Regional Gardening Reports :: National Gardening Association

In the Garden:
Northern California Coastal & Inland Valleys
July, 2008
Regional Report

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This courtyard provides privacy and a place to relax amidst water-thrifty plants.

Helping Plants Weather the Drought

It's been a hot summer. Heat wave after heat wave has rolled through the Bay area, the first one in April. We should have known then that it was going to be a bad year for both fires and drought. The few inches of rain we did receive over the winter was not enough to quench the thirsty ground.

The fire season started months earlier than in past years. Usually we don't see these kinds of fires until September or October. As of this writing in mid July, over 1,000 fires have raged through Napa, Solano, Yuba, and counties throughout our arid state. My heart goes out to people who have lost their homes and to the countless wild creatures that lost their lives as the continuous conflagrations rage out of control.

There is nothing I can do about the fire situation, but I can advise you on how to care for your garden during these periods of drought. Actually, the local governments are making water prohibitively expensive, so that alone will cut down on water usage. But if you want your good garden plants to survive, you need to follow a few tips.

Water Early or Late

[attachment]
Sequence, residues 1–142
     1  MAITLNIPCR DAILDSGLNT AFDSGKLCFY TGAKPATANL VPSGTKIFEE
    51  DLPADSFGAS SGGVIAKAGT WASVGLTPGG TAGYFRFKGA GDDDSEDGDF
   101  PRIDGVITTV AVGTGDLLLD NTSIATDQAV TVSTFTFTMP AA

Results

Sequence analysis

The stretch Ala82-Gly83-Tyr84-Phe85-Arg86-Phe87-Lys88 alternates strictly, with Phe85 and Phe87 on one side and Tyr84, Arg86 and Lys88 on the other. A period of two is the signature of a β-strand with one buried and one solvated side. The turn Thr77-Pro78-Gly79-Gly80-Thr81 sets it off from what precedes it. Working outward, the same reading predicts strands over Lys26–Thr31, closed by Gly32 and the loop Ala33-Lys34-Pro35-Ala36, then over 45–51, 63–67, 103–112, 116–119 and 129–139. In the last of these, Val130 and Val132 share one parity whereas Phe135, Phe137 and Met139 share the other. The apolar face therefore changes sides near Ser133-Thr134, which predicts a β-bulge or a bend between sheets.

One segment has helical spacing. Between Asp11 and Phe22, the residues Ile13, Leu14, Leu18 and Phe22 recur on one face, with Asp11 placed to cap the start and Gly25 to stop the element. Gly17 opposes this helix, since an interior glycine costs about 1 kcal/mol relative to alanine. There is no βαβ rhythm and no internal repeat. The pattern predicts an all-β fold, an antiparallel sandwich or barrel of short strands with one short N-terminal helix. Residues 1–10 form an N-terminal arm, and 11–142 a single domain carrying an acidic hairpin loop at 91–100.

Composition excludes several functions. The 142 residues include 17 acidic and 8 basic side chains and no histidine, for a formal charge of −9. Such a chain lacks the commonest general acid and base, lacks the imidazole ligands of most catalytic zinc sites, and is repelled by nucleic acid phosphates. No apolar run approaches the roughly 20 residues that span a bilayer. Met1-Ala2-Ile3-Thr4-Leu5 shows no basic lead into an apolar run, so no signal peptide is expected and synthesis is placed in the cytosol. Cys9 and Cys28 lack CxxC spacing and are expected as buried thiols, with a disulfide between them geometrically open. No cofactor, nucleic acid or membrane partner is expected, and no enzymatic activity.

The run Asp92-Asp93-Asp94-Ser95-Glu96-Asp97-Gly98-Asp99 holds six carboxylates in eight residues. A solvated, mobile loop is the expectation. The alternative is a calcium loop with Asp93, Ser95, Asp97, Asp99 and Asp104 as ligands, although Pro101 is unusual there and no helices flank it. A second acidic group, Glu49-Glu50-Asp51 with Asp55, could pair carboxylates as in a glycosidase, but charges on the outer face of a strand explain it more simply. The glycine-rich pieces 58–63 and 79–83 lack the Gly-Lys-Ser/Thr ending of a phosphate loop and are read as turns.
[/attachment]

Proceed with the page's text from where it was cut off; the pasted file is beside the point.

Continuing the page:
First, it's very important to water in the early morning or late afternoon. The reason for this is that the water does not evaporate like it does during the heat of the day. I can't tell you how many times I have seen sprinklers running in the afternoon, or when the wind is blowing. Sometimes you have no choice but to water when it's windy, but usually the wind doesn't pick up until the afternoon. If you water in the early morning, you will avoid losing water to evaporation and wind.

Water Deeply
Secondly, it' s very important to water deeply but infrequently. Roots only grow where the soil is moist. If you train the roots of trees, shrubs, and even lawns to grow deep into the soil, you will not lose them when the county tells you that you have to cut back on watering. I like soaker hoses and use them to water trees and shrubs. For a more permanent installation for soaker hoses, cover them with mulch to protect them from the sun.

Use a watering wand for plants not covered by an irrigation system. Sometimes plants need the foliage washed to remove dust, but most of the time it's best to water the soil and avoid the foliage.

Cover Soil With Mulch
Another way to save water is to mulch. A 4-inch layer will keep the soil moist for days after watering. It's helpful to mulch the surface of container plants, too. Another way to prevent your containers from drying out quickly is to place an existing container inside a larger one, then stuff the void with newspaper. This does provide a haven for earwigs, so be on the lookout.

Hold the Fertilizer
Another way to help your plants during times of drought is to cut back on fertilizing. Plants that have been fertilized grow faster and therefore use more water. When you do fertilize, use organic fertilizers, such as liquid fish or cottonseed meal, that don't spur rapid growth.

Remember: It's not a sin to have a brown lawn if it means saving your trees. And it will rain again, so keep the faith.

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